Teaching Practice: Helping Students In and Out of the Classroom
Students with identified learning needs, and many who are in need of specific support even without diagnosed needs, are helped by interventionists both in and out of the classroom. It used to be the norm that a math coach or English coach would pull the student out of the classroom in order to provide specialized help. This usually came at the expense of subjects that the student was often good at including specials such as music and art – subjects that might allow the student with learning differences to shine. The reaction to this dilemma, as it was in the inclusion movement, was to shift to a push-in model. The interventionist went to the class and worked with the student within the classroom situation. So it’s a good question. Should you push-in to help the student or pull the student out?
The honest answer? There is no clear answer. It depends on a lot of other contexts:
- How significant is the learning need that will be addressed?
- Can a pullout be done without affecting other areas of learning?
- Can a push-in be effective without disrupting other students?
- What resources are available for either pullout or push-in?
- Is there space in the classroom for another adult?
- What is the purpose of the learning needs program?
The research is conflicted but interesting. First, we need to acknowledge that on blogs and in articles, practitioners are far more in favor of pulling the student out. They say things like – working with the student in the classroom depends on the student (some students can’t focus with the hubbub of the classroom around them); push-ins don’t work because the classroom is not a stable learning environment for these kinds of learners when faced with significant learning deficits. While it makes sense that the teacher wants to have control over their own teaching environment, administrators have unrealistic expectations when it comes to what the teacher can accomplish all in the name of inclusion.
But there is a different reason for considering push-in and it requires some longer-term thinking. The reason is that the student body is changing radically and the needs to be met by the interventionist are increasing continually. The reality, even in well-funded schools, is that there are never enough hands in a situation where the challenges are multiplying as the years go by. To pull students out of the classroom requires far more teachers than virtually any school can possibly hire. There’s just too much need.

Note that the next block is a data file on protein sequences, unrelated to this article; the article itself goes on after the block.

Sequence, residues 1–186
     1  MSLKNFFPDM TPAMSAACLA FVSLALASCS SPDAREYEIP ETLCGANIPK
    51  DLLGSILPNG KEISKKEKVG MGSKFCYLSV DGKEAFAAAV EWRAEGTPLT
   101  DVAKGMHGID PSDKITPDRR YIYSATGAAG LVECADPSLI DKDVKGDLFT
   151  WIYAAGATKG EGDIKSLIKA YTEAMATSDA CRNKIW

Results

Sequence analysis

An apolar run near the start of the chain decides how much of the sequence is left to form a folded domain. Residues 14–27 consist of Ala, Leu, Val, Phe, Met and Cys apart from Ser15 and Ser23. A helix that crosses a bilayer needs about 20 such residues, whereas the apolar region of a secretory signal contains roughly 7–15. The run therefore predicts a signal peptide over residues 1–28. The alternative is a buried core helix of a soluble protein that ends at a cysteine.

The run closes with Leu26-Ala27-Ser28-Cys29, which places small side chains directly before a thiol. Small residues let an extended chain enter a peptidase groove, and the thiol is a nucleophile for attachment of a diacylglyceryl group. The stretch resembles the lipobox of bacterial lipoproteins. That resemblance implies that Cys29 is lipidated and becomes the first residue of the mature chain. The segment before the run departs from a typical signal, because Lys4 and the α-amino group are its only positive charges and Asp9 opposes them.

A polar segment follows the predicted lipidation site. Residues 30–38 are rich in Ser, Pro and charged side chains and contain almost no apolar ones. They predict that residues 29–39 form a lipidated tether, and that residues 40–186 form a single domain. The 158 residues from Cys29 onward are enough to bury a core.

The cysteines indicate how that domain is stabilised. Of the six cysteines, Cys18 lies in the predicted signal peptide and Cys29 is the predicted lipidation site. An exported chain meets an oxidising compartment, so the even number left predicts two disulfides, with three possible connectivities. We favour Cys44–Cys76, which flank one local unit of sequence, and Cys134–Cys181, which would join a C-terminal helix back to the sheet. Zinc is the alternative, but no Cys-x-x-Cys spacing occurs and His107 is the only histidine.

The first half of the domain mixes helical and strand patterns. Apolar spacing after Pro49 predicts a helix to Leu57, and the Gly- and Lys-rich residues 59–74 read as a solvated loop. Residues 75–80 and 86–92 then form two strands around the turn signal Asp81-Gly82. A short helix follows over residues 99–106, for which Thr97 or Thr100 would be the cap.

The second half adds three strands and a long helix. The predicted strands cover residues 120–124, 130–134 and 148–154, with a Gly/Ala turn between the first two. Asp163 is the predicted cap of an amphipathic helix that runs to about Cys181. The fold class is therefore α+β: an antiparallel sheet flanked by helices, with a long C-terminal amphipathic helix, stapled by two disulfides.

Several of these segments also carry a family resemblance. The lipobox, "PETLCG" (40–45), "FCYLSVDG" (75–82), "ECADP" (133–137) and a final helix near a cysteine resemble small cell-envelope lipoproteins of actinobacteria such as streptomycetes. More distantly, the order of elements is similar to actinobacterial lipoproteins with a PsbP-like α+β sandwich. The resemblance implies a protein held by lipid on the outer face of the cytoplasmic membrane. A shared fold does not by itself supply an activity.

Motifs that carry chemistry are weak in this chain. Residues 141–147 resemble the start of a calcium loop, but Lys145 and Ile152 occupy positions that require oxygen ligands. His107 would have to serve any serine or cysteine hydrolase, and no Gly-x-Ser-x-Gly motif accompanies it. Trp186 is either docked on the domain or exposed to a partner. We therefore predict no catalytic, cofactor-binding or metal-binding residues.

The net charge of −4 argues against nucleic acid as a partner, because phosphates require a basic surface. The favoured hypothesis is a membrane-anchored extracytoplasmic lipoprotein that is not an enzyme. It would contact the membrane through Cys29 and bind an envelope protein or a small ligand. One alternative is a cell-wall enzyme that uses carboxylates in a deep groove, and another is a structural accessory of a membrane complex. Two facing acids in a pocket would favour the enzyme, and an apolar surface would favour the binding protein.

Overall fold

We suggest that the prime advantage for pushing in is the impact it can have on the classroom teacher. Can we have the best of both worlds? If, on the one hand, we can pull out those students where that can have direct and significant impact, and on the other hand, push-in in order to expand the skills of the classroom teacher who is meeting more diverse needs than ever before, we might be able to have the best of both worlds. This requires a partnership between the interventionist and the classroom teacher that will allow for:
- Modeling of teaching practices – whole class
- Modeling coaching of individual students within the class setting (this can be even more effective, for example, in elementary classrooms with aides or parent helpers to participate in the training)
- Just-in-time intervention during class
- Aligning practices, disciplinary policy, and key classroom processes
Obviously, there is significant literature on the power of inclusion since we began to integrate children with learning needs into the regular classroom. There have also been many anecdotal horror stories where the resources didn’t match the hope. While the short-term interest of the student may be met with a pull-out preference, a longer-term ambition for all teachers to be trained and thus multiply the skills of the interventionist throughout the school might lead to a more nuanced approach. In this view, push-in becomes a graduated norm that has different looks depending on the need and the student/s ability to carry out small group work, targeted instruction, modeled instruction, partnering etc. The emphasis is towards pushing in so that the skills of the interventionist can be multiplied within the teaching staff. Removing the student for individual or small group work is kept only for cases where the skills of the classroom teacher are just overwhelmed.
This research study will be helpful to those considering this question!